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  • #26
    Is there anyone out there still sending out scion wood for The Duke? I'm happy to pay the shipping when the scions are ready (or pick them up if they are near Sacramento). I'm hoping to get a tree started for my wife to enjoy home grown avocados. Thanks for considering.

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    • Bluemalibu
      Bluemalibu commented
      Editing a comment
      I do volunteer work down in Sacramento every Friday. Let me know when you have an avocado rootstock ready to graft onto, and I can bring some scion down for you.

  • #27
    Blue what rootstock do you recommend?

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    • Bluemalibu
      Bluemalibu commented
      Editing a comment
      Brian, Duke rootstocks were the gold standard for a long time. A Duke cross, called Duke 7, or Martin Grande are now used... both are great for resisting root rot.

  • #28
    Hello Bluemalibu and Ken: If we graft Duke (or any other that we want to use as rootstock) on available seedling, and then bury the graft junction -- would that encourage rooting on the scion as well? If so, this could be a possible route to generate rootstocks. Thank you
    Buffalo Bayou Farms, SE gulf coast (zone: 9B). WL: Azores Dark, CdD Noir, Golden Rainbow, Hative d’Argenteuil, Iranian candy, Fig Preto, LSU Scott Black, Socoro Black, Sweet George

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    • TucsonKen
      TucsonKen commented
      Editing a comment
      I'm giving this my best guess; others may have better answers. I only bury the graft union on an avocado when I've grafted to a recently-sprouted seedling and the union is very close to the seed. I wouldn't try it on a more mature plant, or if the graft union was higher on the stem. My purpose for grafting so low to give an extra measure of freeze protection by keeping the (probably less cold-hardy) rootstock away from potential freezes, with the added hope that if the grafted variety freezes to the ground, it may resprout from above the graft.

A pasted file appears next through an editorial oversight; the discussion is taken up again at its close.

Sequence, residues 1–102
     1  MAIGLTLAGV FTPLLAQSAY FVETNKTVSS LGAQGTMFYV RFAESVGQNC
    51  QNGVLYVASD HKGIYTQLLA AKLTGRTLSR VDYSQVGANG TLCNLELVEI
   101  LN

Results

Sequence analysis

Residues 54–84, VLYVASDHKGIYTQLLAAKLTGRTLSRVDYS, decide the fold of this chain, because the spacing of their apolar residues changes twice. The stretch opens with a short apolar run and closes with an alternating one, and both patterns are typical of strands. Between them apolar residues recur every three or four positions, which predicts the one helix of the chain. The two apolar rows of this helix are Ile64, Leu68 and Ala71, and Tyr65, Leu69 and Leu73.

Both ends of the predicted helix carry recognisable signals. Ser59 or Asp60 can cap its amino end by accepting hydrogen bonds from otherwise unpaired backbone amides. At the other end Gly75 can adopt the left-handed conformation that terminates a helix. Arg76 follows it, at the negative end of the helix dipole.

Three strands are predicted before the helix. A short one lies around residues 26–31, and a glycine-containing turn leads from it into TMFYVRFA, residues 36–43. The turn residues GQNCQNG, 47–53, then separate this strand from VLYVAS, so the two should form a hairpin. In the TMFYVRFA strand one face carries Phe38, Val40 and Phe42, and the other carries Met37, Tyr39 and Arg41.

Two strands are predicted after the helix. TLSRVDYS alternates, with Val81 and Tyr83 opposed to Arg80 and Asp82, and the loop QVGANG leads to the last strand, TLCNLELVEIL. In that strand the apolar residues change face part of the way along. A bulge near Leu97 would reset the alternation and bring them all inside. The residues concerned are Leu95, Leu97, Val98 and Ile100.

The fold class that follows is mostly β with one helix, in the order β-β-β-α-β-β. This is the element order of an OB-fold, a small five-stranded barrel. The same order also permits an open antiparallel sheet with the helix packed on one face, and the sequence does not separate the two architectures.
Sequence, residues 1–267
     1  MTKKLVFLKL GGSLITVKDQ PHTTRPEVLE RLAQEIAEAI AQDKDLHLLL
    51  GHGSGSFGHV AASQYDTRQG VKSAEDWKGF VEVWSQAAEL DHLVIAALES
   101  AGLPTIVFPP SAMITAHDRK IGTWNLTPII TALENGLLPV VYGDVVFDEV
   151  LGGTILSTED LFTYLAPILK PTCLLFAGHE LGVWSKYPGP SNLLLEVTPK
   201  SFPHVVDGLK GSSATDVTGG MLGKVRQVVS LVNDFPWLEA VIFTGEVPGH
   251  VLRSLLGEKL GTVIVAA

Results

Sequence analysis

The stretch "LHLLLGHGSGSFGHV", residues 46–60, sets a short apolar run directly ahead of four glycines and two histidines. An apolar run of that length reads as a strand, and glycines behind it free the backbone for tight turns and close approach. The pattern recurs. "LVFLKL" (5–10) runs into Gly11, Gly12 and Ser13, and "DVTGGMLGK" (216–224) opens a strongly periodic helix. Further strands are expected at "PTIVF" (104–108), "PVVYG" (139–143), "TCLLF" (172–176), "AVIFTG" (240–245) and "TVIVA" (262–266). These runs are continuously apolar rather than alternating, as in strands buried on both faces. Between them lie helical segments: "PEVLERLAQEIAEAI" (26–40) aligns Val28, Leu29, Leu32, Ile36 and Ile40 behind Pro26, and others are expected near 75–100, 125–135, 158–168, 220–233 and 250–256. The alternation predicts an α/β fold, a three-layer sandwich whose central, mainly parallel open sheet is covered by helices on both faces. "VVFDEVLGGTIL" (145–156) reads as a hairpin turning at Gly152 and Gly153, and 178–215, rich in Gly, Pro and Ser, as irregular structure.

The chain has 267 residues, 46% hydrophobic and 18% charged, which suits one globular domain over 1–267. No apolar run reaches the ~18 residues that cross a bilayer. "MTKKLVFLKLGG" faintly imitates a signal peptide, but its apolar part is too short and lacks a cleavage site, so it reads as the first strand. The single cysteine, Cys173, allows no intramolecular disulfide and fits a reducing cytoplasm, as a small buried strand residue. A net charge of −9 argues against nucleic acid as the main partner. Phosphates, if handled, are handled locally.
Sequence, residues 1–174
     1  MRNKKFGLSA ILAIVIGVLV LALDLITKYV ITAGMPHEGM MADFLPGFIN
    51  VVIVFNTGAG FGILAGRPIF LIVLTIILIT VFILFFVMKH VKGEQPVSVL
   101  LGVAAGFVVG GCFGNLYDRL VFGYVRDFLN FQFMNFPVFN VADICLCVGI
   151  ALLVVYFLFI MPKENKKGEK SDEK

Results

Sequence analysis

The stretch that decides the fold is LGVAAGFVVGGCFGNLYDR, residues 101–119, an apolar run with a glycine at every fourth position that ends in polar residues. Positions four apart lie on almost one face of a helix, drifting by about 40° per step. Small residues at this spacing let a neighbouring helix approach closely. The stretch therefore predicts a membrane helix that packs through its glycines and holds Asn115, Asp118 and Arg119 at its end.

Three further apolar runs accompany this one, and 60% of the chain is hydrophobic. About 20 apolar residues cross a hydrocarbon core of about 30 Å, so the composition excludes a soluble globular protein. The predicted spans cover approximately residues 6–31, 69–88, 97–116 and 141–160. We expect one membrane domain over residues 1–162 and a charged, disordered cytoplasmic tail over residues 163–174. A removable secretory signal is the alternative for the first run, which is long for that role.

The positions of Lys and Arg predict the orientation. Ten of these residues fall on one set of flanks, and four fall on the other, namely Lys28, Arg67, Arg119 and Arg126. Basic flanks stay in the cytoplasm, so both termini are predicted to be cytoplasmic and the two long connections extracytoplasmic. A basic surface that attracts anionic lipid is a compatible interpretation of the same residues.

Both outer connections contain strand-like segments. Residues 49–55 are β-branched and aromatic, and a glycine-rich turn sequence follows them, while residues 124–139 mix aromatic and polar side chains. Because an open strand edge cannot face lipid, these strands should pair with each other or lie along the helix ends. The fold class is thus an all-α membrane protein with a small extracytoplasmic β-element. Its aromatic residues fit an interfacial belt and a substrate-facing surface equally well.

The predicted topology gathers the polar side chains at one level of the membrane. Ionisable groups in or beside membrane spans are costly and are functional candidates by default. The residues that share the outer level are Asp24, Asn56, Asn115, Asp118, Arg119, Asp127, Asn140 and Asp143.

I've heard a couple of objections to this method. First is the general notion that it's harmful to plant any tree too deep, but I figure that on a tree so young, it's no different than if I had planted the seed a few inches deeper. No root flare has developed yet, so I doubt that it's detrimental. The second objection is that the grafted variety will grow roots above the union and increase its susceptibility to root rot or other problems that a good rootstock might be able to resist. This makes sense to me, but I still go ahead and take the risk, because in my experience, avocados are such reluctant rooters that I doubt roots will form in that inch or two above the union. But, I could certainly be wrong.

  • #29
    Image from https://brokawnursery.com/about/
    Seeing this image, I thought step 3 is to bury the graft junction in some kind of rooting media to create clonal rootstock. I could be totally wrong about this step though..
    Buffalo Bayou Farms, SE gulf coast (zone: 9B). WL: Azores Dark, CdD Noir, Golden Rainbow, Hative d’Argenteuil, Iranian candy, Fig Preto, LSU Scott Black, Socoro Black, Sweet George

    Comment


    • TucsonKen
      TucsonKen commented
      Editing a comment
      Interesting! It seems a bit complicated, but makes good sense. I'm guessing they "force" roots to grow from the clonal rootstock by removing a band of bark, as in an air layer, and probably using rooting hormone as well?

    • KMH
      KMH commented
      Editing a comment
      Yes they are basically air layering the clonal graft, the graft on top of that and eventually either sever the original or leave it be.
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